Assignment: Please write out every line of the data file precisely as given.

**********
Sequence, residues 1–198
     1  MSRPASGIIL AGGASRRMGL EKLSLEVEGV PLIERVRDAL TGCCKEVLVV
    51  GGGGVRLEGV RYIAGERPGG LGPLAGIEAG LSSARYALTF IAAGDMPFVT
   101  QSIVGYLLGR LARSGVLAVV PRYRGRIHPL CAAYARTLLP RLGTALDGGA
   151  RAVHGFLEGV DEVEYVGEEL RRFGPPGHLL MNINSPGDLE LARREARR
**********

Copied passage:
Sequence, residues 1–198
     1  MSRPASGIIL AGGASRRMGL EKLSLEVEGV PLIERVRDAL TGCCKEVLVV
    51  GGGGVRLEGV RYIAGERPGG LGPLAGIEAG LSSARYALTF IAAGDMPFVT
   101  QSIVGYLLGR LARSGVLAVV PRYRGRIHPL CAAYARTLLP RLGTALDGGA
   151  RAVHGFLEGV DEVEYVGEEL RRFGPPGHLL MNINSPGDLE LARREARR